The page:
Happy is a state of being everyone wants. But if you’re waiting for certain things to happen before you see yourself satisfied with life, you may never actually get there. Here’s what three experts have to say on the subject.

1. You’ll never change anyone

Every relationship you have in this world involves people who are not perfect. Whether it’s your closest friends, your significant other or the family members you spend time with, these people have flaws which can be annoying. Yet, according to Robert Greene, author of The Laws of Human Nature it’s better if you can accept people as facts.

The problem is that we are continually judging people, wishing they were something that they are not. We want to change them. We want them to think and act a certain way, most often the way we think and act. And because this is not possible, because everyone is different, we are continually frustrated and upset. Instead, see other people as phenomena, as neutral as comets or plants. They simply exist. They come in all varieties, making life rich and interesting. Work with what they give you, instead of resisting and trying to change them.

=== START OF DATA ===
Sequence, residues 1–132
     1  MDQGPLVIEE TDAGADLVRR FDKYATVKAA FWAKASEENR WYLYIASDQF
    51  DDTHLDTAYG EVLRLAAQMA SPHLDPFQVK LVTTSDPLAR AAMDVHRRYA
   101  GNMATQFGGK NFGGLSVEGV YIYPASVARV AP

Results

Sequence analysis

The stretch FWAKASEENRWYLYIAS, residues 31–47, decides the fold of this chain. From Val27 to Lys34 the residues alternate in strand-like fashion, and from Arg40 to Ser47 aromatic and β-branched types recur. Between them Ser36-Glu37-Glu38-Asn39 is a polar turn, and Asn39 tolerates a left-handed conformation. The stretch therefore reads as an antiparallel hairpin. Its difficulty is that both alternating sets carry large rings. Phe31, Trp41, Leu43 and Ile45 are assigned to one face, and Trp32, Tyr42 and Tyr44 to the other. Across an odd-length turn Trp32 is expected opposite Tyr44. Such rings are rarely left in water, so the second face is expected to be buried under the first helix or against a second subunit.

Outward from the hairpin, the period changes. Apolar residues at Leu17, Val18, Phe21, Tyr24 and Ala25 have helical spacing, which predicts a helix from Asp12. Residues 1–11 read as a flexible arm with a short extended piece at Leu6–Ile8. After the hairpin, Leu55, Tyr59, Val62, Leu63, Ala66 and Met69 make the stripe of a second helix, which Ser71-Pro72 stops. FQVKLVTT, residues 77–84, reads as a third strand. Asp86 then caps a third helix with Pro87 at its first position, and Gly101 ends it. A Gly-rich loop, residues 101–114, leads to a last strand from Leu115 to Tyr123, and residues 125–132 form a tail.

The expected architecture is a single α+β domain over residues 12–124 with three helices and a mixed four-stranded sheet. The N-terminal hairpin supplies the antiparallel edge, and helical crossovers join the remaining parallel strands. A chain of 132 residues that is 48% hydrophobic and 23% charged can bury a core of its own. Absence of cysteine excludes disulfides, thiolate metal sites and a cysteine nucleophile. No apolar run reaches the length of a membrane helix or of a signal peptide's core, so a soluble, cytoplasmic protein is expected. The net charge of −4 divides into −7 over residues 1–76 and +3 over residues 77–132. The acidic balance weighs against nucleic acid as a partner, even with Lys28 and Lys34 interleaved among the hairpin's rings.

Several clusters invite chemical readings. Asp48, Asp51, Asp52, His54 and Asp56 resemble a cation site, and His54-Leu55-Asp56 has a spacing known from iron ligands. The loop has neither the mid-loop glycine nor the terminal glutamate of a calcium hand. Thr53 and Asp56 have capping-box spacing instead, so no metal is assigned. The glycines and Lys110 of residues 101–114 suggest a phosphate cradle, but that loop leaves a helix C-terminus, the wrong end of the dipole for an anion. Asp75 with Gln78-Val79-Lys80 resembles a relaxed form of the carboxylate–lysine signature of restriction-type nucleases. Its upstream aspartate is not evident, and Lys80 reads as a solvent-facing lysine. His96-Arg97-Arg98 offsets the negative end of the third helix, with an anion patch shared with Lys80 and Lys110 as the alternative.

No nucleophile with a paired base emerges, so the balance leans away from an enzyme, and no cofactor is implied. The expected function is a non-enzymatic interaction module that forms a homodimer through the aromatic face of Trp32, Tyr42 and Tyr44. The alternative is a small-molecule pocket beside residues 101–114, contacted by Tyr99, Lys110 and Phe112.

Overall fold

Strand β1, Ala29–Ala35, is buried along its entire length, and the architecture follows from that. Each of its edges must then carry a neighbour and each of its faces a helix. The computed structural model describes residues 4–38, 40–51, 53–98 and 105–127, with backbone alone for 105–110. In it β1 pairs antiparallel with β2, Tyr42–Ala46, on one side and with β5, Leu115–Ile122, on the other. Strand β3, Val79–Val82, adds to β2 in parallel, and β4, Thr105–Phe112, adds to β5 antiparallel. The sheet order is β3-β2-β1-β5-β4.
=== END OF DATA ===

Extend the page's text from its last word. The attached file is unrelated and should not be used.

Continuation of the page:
Instead, make understanding people a game. Observing people dispassionately in this way is especially helpful when it comes to people Green calls “inflamers,” such as narcissists and passive aggressors. “Each person, no matter how twisted, has a reason for what they’ve become,” he writes.

2. You need to identify your values and live by them if you want to live your best life

In 90 Seconds to a Life You Love, Joan Rosenberg suggests picking three to five qualities which you want to define how you and others see yourself. She offers this list of attributes to choose from: compassionate, engaged, expressive, forgiving, generous, grateful, humble, joyful, kind, loving, optimistic, patient, playful, fully present, respectful, responsive, thoughtful and understanding. “Going forward, make the decision to have all your words and actions reflect your values,” she writes. “Let no argument or situation elicit a reaction from you that is not filtered through these values or qualities first.”

3. Money cannot make you happy

Dave Asprey, in his book Game Changers: What Leaders, Innovators, and Mavericks do to Win at Life, cites a 2010 study conducted at Princeton in which researchers found that $75,000 is the annual salary at which people feel most sustainably happy. Beyond that point, regardless of how much more a person earns, happiness generally plateaus. It’s because once your basic needs are met and you don’t have to worry and feel stressed about making ends meet, true happiness comes from pursuing your passions. “The real thrill of business and life is the process, the quality of interactions and relationships, and the value you contribute to others,” he writes. He suggests thinking about what amount of money you need to meet your basic needs. If you were able to double that amount, how would you spend your time? Your answer to that question is likely an indication of what will make you happy and you should start doing more of it now.